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LONDON (Reuters) - China's soccer splurge on big-name foreign players is reminiscent of the 1970s North American boom that ultimately fizzled out in failure, former Vancouver Whitecaps chief executive Paul Barber said on Tuesday.
Barber, now chief executive of Premier League promotion hopefuls Brighton and Hove Albion and an influential figure in English soccer, warned that the Super League could go the same way.
"The first two or three seasons it's a bit like lightning in a bottle. It's bright, it's exciting and it's very contained," he told a Sport Industry breakfast meeting.
"It's great to have a top division with ageing superstars, and in China's case not so ageing, but how long and how sustainable is that?"
With the backing of soccer fan President Xi Jinping, China has been on a spending spree on players, clubs and overseas assets over the last two years.
Shanghai Shenhua bought Argentina striker Carlos Tevez from Boca Juniors last December for a reported $88.56 million dollars, making the 32-year-old the sport's highest paid player with a reported salary of $753,000 per week.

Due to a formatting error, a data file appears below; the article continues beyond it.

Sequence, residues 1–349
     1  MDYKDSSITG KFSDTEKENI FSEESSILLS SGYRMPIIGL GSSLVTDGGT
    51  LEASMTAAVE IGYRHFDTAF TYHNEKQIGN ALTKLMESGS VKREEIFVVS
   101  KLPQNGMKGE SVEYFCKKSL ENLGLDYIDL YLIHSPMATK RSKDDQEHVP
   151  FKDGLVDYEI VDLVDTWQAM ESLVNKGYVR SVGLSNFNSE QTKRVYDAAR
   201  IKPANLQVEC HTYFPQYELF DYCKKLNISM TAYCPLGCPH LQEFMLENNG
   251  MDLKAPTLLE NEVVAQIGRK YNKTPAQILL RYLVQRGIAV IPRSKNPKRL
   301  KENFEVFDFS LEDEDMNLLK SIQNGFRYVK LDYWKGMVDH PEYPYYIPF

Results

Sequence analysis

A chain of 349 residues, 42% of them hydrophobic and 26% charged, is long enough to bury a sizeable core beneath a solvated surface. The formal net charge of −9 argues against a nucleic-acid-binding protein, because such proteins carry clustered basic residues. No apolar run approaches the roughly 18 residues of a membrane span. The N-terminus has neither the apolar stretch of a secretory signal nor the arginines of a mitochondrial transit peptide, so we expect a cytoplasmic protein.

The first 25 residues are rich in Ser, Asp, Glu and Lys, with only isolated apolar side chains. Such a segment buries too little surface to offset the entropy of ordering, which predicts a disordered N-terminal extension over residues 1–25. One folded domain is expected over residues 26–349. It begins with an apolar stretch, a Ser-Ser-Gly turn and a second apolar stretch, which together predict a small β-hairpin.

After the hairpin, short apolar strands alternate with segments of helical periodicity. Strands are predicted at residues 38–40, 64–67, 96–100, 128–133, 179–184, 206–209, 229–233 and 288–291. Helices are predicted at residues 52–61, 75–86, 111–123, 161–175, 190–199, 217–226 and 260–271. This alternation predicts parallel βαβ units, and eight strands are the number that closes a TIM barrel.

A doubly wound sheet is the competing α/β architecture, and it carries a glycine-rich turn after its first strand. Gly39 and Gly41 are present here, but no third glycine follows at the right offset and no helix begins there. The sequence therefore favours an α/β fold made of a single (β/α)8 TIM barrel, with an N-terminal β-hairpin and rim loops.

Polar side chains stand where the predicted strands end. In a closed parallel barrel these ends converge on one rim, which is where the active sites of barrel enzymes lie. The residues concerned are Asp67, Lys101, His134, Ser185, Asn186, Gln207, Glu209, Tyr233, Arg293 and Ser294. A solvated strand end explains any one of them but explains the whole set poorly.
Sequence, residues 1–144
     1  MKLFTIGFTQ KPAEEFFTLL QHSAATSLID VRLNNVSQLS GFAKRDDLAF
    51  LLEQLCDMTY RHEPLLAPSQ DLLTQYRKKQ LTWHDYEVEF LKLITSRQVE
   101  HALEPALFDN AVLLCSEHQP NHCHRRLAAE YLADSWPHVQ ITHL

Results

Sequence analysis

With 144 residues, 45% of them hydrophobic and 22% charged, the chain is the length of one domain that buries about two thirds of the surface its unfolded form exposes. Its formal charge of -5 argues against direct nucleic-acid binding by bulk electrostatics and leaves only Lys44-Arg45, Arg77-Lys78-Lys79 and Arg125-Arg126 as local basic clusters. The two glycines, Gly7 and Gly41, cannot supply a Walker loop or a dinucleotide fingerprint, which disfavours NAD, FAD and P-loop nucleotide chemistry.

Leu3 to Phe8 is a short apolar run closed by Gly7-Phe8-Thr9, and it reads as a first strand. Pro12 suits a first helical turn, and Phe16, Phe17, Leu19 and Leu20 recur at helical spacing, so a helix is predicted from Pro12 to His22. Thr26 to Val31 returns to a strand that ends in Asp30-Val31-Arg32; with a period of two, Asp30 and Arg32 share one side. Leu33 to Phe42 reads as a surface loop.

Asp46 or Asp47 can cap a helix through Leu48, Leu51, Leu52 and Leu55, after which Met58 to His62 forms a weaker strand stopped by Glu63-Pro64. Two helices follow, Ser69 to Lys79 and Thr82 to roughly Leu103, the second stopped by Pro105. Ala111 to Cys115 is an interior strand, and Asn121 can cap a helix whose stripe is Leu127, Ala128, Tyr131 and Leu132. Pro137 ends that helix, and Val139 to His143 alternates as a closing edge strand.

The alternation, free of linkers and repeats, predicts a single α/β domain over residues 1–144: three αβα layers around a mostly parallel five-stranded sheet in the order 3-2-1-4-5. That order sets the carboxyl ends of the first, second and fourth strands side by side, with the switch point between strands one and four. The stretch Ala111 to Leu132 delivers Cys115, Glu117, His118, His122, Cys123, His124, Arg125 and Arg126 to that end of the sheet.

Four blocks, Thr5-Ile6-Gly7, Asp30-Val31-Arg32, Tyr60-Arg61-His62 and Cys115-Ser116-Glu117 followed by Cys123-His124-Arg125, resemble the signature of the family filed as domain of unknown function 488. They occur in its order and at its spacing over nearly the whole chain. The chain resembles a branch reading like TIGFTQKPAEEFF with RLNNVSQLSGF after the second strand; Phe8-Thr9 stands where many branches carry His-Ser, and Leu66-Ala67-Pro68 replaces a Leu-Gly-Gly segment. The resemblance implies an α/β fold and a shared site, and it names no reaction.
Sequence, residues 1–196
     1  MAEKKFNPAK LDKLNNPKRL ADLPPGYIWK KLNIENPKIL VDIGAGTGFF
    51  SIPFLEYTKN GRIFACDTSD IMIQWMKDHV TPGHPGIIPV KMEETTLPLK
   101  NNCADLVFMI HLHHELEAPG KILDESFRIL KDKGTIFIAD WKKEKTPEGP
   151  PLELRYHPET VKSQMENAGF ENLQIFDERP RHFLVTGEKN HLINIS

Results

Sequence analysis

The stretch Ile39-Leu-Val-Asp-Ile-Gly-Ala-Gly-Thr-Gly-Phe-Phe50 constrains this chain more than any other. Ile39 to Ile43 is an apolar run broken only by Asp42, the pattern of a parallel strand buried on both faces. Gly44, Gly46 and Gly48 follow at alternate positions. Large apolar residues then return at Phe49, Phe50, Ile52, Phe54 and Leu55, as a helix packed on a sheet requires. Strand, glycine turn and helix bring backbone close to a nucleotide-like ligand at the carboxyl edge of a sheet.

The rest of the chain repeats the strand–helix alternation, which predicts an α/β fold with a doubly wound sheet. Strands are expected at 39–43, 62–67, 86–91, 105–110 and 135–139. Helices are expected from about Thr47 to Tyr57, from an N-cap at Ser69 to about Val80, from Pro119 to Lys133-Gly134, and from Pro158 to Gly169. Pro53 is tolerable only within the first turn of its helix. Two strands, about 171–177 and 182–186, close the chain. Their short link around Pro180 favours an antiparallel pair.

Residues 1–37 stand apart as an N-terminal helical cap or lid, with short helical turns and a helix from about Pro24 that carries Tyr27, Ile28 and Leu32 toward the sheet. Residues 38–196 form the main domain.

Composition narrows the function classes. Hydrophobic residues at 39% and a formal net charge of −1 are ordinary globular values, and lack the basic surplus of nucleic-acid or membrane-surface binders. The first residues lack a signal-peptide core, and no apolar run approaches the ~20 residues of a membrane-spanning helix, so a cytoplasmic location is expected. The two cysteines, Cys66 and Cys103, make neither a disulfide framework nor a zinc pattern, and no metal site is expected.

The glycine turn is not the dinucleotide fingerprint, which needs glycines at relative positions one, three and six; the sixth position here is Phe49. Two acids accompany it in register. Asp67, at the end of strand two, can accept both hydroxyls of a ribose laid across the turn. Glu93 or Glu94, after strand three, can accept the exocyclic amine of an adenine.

Shanghai SIPG spent around 63 million dollars to lure Brazilian Oscar from Chelsea and are paying the midfielder a reported $490,000 a week.
Barber compared China to the example of America in the late 1970s with top players such as triple World Cup winner Pele, at the New York Cosmos, Dutch maestro Johan Cruyff and George Best were lured across with big money deals.
"It was very much like the Chinese scene now...they had some of the best players in the world playing for couple of years, attracting huge audiences, huge money and then within three years it was dead.
"Because there was nothing behind it to sustain it. At the moment it looks very much like that to me," added Barber, who is on the board of the English Football League and represents that body on the FA Council and Professional Game Board.
"But who knows. China is China."
Barber recognised that Chinese clubs had financial clout and government backing but said the best leagues had learned that they were not sustainable without a grassroots structure nurturing home-grown players.
The North American Soccer League (NASL) operated from 1968 to 1984, with popularity peaking in the 1970s when World Cup-winning captains Carlos Alberto of Brazil and West Germany's Franz Beckenbauer also joined the party.
It went into rapid decline in the early 1980s, with loss-making clubs spending an unsustainable amount on foreign players.
Major League Soccer (MLS), founded in 1993, operates profitably with shared revenues and a salary cap.
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Reporting by Alan Baldwin, editing by Mitch Phillips